Journal Entry#7: Write a reflection of your fieldwork experience. Provide specific examples you think were successful and not so successful.
Having attended two classes of collage, I found that one was successful in reaching its goal of developing critical thinking on important topics and another was unsuccessful. One class had a mini tour at the beginning where issues of feminism and race were explored in art. In the studio, students worked with collage and demonstrated an understanding on the use of art to address social issues as many topics emerged on poverty, feminism, race and equality. On the other hand, the group that spent the whole time in the studio without a tour made images based on shallow topics. However, they demonstrated a better understanding of formal elements. Thus, I find that students need helpful examples on art as a tool to speak out and address moral and social problems before making their own. I also find that formal elements should be addressed when showing examples, so that both the understanding of portraying social issues as well as formal elements can be better understood and thus demonstrated in students’ artworks.
Another class on printmaking also explored social justice through a mini tour, and presented printmaking as an art that can be easily reproduced to spread awareness on social issues. This class was not very successful as students did not react to the ideas presented in the mini tour in their artworks. Rather, they were much more engaged in discovering the process of printmaking and their thoughts were focused on making sure their images would be properly mirrored when stamped, not the topic of the image itself. I think more time should be given to this activity where the process of printmaking is explained first and the students experiment with it. Then, the mini tour would be presented with the topic of social justice and the students will have already understood how one can make a stamp, and will be ready to explore topics in their work.
Journal Entry#6: Write a critical reflections on your research, your work and field experiences at the AGO.
Activities at the AGO offer different outcomes for the participants depending on the nature of the activity. At the Hands-On Centre dedicated to toddlers and their adult companions, usually one of the child’s parents, focuses on bonding time for the child and adult. The activities at the Hands-On Centre are optional as some toddlers are too young for them, or show more interest in playing with their parent. The Hands-On Centre teaches basic techniques that are fun for a young age, but does not force the visitors to partake in the activity. I find that this encourages children’s creativity in a comfortable environment with their parent(s), given the freedom to withdraw at any time allows the child to feel comfortable in a learning environment.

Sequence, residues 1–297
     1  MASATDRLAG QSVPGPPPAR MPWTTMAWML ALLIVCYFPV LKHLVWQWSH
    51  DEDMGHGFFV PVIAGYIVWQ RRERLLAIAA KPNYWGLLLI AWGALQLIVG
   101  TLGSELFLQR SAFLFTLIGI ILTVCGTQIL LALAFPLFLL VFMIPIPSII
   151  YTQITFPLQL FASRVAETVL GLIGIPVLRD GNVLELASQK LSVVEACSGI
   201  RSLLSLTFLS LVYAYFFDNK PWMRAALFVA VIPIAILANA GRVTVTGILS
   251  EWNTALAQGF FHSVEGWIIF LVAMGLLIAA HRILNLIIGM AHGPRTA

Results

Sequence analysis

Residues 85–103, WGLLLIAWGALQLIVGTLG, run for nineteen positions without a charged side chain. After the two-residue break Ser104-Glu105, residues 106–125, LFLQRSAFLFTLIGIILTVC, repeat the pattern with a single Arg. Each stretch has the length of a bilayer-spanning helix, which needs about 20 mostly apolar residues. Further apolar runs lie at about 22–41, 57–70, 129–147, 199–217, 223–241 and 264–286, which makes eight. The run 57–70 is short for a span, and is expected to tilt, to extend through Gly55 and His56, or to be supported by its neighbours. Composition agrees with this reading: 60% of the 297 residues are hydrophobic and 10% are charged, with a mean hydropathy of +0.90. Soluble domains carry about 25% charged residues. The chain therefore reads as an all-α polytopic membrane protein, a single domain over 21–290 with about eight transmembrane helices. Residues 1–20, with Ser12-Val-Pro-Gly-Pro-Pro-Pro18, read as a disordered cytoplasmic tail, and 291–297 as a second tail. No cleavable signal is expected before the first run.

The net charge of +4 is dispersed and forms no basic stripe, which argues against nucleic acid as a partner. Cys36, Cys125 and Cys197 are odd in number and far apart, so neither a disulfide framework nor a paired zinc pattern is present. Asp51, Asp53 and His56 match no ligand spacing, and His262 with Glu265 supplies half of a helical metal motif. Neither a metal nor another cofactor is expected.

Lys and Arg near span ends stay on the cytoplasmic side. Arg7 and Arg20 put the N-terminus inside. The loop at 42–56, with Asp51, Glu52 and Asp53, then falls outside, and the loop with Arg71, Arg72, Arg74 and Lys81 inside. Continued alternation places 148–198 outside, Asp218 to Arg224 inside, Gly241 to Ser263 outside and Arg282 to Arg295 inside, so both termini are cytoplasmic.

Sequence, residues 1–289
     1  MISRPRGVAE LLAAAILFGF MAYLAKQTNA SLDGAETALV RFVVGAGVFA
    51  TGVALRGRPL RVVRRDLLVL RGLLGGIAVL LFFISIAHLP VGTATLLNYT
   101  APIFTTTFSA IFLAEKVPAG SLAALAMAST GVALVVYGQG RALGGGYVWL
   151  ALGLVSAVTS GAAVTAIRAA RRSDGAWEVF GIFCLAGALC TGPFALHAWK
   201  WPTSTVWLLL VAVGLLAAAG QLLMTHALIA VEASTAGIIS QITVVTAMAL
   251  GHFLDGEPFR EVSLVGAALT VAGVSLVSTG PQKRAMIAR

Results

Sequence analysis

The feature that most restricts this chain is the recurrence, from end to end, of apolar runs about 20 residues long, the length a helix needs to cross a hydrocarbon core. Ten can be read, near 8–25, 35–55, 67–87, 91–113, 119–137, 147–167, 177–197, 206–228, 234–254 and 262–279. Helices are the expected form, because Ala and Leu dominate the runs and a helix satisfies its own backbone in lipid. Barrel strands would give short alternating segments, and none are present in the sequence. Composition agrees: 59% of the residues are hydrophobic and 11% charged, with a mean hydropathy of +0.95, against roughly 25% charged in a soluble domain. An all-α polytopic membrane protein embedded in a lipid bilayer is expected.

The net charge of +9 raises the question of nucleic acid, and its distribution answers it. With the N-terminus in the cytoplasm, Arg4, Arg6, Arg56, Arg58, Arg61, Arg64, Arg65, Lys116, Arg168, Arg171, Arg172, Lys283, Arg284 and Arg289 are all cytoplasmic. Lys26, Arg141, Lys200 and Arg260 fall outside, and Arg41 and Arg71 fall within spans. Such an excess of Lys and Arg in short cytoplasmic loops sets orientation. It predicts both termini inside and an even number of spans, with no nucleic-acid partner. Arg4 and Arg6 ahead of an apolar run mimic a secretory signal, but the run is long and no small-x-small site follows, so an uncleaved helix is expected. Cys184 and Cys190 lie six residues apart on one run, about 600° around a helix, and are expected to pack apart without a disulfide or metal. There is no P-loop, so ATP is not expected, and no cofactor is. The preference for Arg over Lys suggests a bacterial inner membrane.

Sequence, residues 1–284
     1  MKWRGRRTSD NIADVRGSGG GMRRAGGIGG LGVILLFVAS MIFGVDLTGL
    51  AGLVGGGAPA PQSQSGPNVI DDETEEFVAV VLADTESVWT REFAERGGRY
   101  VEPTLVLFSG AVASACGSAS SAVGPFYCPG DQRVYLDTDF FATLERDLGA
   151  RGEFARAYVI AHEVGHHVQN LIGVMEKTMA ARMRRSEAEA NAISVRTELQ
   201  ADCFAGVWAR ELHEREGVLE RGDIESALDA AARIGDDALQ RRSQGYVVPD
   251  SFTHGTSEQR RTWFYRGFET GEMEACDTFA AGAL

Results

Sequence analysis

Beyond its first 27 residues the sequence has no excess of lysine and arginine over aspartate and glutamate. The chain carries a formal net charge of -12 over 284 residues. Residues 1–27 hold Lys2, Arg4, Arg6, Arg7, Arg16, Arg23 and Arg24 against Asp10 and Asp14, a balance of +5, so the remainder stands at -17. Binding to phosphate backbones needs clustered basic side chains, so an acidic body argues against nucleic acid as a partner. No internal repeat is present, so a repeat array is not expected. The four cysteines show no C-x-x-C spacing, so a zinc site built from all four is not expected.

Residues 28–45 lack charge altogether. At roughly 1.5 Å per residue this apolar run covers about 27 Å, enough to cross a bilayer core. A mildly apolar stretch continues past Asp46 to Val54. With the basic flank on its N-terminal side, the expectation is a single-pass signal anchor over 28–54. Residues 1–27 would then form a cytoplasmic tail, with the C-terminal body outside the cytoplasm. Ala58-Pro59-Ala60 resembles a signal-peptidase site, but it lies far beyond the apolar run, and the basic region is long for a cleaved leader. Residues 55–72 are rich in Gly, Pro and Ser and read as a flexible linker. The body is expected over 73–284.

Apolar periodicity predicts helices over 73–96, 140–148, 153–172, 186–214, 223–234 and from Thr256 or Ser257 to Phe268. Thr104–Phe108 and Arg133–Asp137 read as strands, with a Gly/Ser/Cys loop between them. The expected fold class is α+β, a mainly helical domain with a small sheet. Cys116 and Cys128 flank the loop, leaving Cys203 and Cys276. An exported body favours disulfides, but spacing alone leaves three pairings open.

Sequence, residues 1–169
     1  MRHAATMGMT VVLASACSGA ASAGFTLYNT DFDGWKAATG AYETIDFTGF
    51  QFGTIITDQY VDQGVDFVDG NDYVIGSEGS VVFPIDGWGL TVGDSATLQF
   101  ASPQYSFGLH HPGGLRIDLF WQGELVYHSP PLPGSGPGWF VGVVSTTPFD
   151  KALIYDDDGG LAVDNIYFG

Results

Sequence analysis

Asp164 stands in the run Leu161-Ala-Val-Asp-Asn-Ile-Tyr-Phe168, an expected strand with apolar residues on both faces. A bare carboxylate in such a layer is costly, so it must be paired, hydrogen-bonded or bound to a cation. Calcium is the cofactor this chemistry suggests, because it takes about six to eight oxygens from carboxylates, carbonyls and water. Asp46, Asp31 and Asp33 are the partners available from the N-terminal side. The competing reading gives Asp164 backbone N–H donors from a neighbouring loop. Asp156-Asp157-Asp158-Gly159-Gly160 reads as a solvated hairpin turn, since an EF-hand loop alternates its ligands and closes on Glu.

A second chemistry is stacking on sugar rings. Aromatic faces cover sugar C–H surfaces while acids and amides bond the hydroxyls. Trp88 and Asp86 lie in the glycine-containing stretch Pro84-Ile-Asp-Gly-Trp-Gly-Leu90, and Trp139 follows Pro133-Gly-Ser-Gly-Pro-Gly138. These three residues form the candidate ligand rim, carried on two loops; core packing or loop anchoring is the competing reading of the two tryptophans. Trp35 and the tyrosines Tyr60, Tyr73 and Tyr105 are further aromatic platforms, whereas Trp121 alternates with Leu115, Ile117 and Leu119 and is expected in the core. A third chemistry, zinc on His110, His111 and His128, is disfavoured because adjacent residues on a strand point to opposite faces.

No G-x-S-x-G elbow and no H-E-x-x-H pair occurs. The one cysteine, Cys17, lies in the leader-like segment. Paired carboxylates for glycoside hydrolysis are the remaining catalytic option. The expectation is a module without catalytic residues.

At the studio where Grade 8 students are making collage pieces, the activity provides an insight on critical thinking while making visual art on an individual level. Each student is engaged in making an individual artwork. I believe that this activity encourages students to think about visual elements in art such as composition and layering, as well as generating a topic to make art about. I find that Grade 8 students are more comfortable working on their pieces individually, but are open to advice and opinions from their classmates.
Journal Entry#5: Document your reflection of the pedagogical workshops you have had thus far. What do they mean for you? How have they changed your perceptions or broadened your perspectives of art education? Provide specific examples.
During my internship at the AGO I have attended two studio workshops for Grade 8 students on collage. The use of collage is used to explain foreground, middle ground and background as well as a method that helps in generating a topic. The project presented to students explains the concept of foreground, middle ground and background differently from the way I received it as a student during my childhood where it was explained using drawing/painting and perspective. This, naturally, led to insecurities among my classmates as they started to compare their drawings to others, evaluating them in terms of drawing skills, and thus forgetting the main purpose of the lesson. At the AGO, layers of acetate were used to have the students add background, middle ground and foreground to each layer, providing a clearer understanding. Through the use of collage, students use ‘ready made’ photos and images from magazines. I find that this eliminates competitiveness and insecurities involving drawing skills. Having students search for images that interest them at the start of the activity also reduces the confusion that has usually overwhelmed a class in my experience as a student where students spent a lot of time thinking of good ideas instead of creating. Having them collect images first automatically generates a topic for them, and fuels their creativity and interest.